the things i still remember

“Wait for me,” he’d said that day…

I still remember his eyes. Amber-colored, soft and gentle. They lit up at the edges when he smiled, and then narrowed and seemed to draw forward when he was being intense, thoughtful, or serious. He’d gazed at me with those narrow eyes that day – the day he left, the day we both made promises we could not keep, knowing that he would not be coming back.

I remember his hair. Long, compared to most boys back then. Slightly ruffled, thick, and dyed in all the colors I never dared. I’d admired him for his hair, something that sounds stupid now. Sometimes, when I dream, strangers with unknown faces show up framed in his hair.

I remember the way he talked. When we talked about life and death, suffering and the universe, it was slow, thoughtful, heartfelt. When he talked about music it was different – open and passionate, and rising steadily in volume, although he wouldn’t notice it. He’d talked about music a lot, and I’d listened, letting him share this part of his heart.

These are the things I still remember. Now, after all these years, they are outnumbered by the things I do not.

For some time I thought I would just let this happen, this slow deterioration of memory. But today, for some reason, I want to fight it. And so I will start by writing these lists of the things I still remember. He had talked about writing a lot back then, whenever he’d talked about composing music. “You have to write it down,” he’d say. “Take what’s in your heart and what’s in your head, and find a way to articulate it on paper. Then later you can look at it and think about it and still remember.”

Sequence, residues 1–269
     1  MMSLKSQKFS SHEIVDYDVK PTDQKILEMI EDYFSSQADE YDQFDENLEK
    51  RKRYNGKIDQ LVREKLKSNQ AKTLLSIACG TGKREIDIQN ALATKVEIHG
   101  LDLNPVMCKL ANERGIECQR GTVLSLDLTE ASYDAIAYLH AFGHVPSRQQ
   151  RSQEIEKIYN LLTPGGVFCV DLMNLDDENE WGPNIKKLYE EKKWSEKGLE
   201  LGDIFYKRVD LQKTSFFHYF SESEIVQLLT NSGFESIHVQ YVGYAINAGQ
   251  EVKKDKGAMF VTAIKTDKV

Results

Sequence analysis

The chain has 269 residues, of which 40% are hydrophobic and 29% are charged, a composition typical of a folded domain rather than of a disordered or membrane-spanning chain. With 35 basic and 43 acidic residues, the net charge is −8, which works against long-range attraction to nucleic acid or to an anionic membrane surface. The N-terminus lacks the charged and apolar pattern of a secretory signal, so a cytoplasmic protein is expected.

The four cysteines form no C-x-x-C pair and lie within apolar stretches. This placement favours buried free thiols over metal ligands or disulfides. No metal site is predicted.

I wish I could find a way to articulate the things I now forget.

To Not Forget Each Other…

I stood at the entrance of the cemetery, reluctant to go in. Something in my mind was pulling me back, something… I couldn’t put a finger in it. I just lingered at the gate for a few minutes, staring inside at the neat rows of gravestones lined by shade-giving trees, and all the while wondering what I was doing there in the first place.

After some time a dark blue car pulled up to the curb behind me, startling me. I glanced over as a woman slightly older than me got out of the passenger’s seat. She wore a plain light gray shirt and black shorts that looked strangely exactly like the ones I’d wear while working out. Her straight black hair came down to her shoulders, and she didn’t have on accessories of any kind. She closed the door behind her and gave a little wave to the driver, and then the car sped off.

The woman turned toward the cemetery gate and saw me standing there looking at her. I blushed, embarrassed, and quickly looked away. After a moment’s hesitation she walked up to me and I turned to face her again as she spoke.

“Hello,” she said politely.

“Good afternoon,” I replied. “Sorry, I didn’t mean to stare…”

She shook her head. “That’s okay. Don’t worry about it. I’m Aiko, and you are…?”

“Haku.”

“Nice to meet you, Haku.”

I nodded uncertainly. “You too.”

“If I may ask, why are you just standing here? Is there something wrong with the gate? Is the cemetery closed today?”